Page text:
Supply Chain, Manufacturers and Product Managers, Oh My!

The supply chain crisis has forced people to think, act, and plan differently. Find out how to be agile in the new normal.

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The ongoing supply chain disruption has caused chaos in nearly every industry across the board. Whether it’s the automotive industry having to forgo HD radios in cars due to a shortage of chips, or the consumer goods sector reporting a shortage of specific food items, electronics and clothing, no one has been left unscathed. This crisis has forced people to think, act, and plan differently.

Manufacturers have had to adopt an agile mindset and integrate their product and business strategies into one. Looking at the impact of product and business decisions at a single roadmap view allows a manufacturer to understand the outcome more precisely and simplifies the process.

Another valuable component in shifting traditional processes when dealing with the current supply chain crisis is implementing technology for easier communication across departments. Opening up data and communication company-wide brings a level of transparency that eliminates the responsibility of one person and holds all parties accountable. Instead of relying on the sole person maintaining the third-party vendor relationship, all elements of the business can identify a possible disruption and its impact on the greater business plan, allowing them to plan before it poses a major issue.

Agile is changing the product manager role

So how does the shift to these agile processes occur? Organizations must first understand the positive impact that digital changes can have on the business and make the intentional decision to implement these innovative tools company-wide. Getting everyone on the same page and enforcing a new collaborative process is crucial to executing the business and a product plan with the least amount of disruption possible. By utilizing new processes and a single source of data, the company has the power to function in a more agile way.

While manufacturers turn to new tools to help remedy issues caused by the supply chain, a large amount of responsibility falls on product managers to stay ahead of these disruptions. The list of tasks that a product manager takes on is endless, but ensuring their products are ready for market is crucial.

The role of a product manager is ever-changing— while their topline job description is to oversee the development of a product from start to finish, it spans way beyond that. These individuals must stay at the forefront of customer and market demand, always anticipating new trends and developments in preparation to modify product plans.

Always have a Plan B

In an era of severe supply chain backups, product managers have learned to keep a tighter rein on their product plans and explore back-up options in case of disruptions. Keeping to timelines is crucial in this industry, and product managers must have solutions for every possibility, whether it’s adding more time to source materials, sourcing from another vendor, or scrapping a part all together.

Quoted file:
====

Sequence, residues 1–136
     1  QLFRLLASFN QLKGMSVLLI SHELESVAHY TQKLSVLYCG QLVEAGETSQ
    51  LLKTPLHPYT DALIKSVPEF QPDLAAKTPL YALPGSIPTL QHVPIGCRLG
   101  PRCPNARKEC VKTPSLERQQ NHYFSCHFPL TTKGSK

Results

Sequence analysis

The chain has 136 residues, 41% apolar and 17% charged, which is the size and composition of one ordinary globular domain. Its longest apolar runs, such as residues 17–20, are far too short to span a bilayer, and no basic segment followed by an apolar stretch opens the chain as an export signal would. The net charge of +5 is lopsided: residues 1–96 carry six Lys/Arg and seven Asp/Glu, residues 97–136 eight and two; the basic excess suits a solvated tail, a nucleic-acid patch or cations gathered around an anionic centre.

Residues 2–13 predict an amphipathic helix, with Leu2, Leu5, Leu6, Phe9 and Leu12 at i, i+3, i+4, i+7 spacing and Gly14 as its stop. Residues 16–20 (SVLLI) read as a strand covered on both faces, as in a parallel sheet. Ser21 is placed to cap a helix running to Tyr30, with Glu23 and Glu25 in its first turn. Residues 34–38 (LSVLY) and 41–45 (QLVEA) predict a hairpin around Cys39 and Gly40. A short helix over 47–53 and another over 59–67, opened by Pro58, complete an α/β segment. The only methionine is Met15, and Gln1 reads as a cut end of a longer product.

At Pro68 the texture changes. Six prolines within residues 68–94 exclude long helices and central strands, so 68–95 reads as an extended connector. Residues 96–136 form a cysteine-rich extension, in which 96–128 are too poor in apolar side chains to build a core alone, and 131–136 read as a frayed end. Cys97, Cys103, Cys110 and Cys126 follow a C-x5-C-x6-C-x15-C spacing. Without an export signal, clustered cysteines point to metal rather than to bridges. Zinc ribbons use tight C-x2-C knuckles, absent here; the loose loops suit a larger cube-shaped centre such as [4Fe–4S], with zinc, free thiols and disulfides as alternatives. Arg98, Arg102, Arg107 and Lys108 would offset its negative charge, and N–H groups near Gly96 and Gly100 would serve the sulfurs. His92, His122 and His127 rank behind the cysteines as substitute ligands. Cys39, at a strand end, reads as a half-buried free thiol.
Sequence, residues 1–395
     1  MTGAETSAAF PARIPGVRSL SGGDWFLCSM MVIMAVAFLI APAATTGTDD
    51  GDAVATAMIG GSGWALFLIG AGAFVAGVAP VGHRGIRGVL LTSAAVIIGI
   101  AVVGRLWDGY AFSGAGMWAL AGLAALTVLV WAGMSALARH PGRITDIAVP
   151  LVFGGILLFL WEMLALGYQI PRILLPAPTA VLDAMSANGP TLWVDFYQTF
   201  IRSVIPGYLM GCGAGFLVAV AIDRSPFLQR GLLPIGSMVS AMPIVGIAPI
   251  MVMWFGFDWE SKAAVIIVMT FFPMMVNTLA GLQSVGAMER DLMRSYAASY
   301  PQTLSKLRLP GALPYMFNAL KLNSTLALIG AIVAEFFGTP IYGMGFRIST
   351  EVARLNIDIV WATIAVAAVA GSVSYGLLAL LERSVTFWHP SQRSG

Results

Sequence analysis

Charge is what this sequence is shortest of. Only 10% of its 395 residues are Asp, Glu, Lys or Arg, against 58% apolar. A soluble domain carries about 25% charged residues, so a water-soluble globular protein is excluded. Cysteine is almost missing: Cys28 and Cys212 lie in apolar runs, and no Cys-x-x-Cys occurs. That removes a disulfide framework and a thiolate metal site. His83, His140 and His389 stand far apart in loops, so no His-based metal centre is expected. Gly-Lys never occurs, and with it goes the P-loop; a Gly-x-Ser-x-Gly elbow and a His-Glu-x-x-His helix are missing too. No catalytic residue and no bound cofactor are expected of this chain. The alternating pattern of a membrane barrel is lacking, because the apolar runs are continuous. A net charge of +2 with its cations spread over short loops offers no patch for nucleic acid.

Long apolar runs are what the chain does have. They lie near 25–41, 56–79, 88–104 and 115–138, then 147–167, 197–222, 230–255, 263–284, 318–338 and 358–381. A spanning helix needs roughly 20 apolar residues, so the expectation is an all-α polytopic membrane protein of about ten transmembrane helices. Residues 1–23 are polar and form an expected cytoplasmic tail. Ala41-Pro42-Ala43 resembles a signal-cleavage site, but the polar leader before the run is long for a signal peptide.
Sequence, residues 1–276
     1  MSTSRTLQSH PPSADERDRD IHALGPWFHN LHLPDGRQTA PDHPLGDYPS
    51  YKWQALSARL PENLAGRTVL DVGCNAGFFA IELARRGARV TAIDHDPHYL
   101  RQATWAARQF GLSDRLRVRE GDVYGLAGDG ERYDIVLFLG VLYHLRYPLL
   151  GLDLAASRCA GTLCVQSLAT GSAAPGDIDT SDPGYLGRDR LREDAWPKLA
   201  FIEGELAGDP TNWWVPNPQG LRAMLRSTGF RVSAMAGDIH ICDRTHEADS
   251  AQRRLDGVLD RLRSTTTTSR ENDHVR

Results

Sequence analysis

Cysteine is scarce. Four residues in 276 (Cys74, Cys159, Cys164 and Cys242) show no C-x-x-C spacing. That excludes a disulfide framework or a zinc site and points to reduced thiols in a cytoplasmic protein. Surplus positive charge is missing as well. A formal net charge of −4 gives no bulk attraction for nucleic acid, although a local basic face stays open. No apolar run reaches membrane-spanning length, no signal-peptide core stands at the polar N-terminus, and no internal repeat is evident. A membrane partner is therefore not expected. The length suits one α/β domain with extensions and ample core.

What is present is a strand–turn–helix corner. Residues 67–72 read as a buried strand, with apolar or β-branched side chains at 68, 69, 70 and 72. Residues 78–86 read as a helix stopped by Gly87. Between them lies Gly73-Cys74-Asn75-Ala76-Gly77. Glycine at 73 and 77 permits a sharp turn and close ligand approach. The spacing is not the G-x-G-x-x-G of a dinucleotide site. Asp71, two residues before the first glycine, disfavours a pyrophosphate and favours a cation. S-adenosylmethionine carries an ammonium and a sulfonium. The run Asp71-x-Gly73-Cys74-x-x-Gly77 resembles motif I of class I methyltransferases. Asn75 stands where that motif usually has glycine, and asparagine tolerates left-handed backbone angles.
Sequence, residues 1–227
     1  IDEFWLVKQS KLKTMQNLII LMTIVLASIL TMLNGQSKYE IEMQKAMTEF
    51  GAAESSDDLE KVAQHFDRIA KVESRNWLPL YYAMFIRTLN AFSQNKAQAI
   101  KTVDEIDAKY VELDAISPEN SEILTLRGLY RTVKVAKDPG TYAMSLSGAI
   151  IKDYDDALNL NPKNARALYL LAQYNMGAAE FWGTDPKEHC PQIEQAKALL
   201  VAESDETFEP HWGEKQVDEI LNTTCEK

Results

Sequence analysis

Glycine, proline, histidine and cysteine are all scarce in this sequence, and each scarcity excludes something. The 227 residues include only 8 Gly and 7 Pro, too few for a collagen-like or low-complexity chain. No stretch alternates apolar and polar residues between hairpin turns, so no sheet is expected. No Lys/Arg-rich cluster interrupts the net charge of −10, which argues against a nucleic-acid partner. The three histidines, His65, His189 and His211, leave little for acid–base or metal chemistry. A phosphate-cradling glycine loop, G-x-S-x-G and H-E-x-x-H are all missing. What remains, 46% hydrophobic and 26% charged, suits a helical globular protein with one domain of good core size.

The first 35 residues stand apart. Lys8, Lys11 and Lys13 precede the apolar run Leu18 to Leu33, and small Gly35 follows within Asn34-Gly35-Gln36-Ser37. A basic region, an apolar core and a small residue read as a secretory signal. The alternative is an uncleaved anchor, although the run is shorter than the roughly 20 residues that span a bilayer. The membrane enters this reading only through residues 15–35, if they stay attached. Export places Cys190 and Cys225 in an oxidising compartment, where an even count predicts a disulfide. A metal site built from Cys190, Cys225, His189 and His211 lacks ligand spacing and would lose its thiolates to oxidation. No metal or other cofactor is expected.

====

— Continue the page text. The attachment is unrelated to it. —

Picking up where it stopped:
Keeping the end-user in mind is a very important responsibility that a product manager faces. As the human environment changes, our desires and demands fluctuate. Consumers want the best of the best at a reasonable price in a quick amount of time. It’s up to the product manager to anticipate this behavior before trends are even recognized and implement them within the product plan. An important of a product manger’s role is that the initial plan is never executed without multiple changes. Because the end-user is the focus, all aspects of planning revolve around them.

Technology makes the product development phase more complex, but it also simplifies parts of the process. While product managers once had to prioritize functions including strategy design and visualization, financial analysis, and scheduling, today they are able to pass that off to AI and automation while putting their focus on time and human decision-making. Over the next few years, technology will continue to disrupt every industry and present incredible solutions to simplify the product manager’s role. Whether it’s smart technology or accelerated software, these individuals will be able to optimize their time to develop solutions to impact future generations and better build products customers want.

With all the negatives the supply chain crisis has caused, there are some valuable progressions that have come out of it. It has caused both corporations and individuals to take a step back and tap into a more strategic mindset and dedicate more time and money to technology, resources, and processes.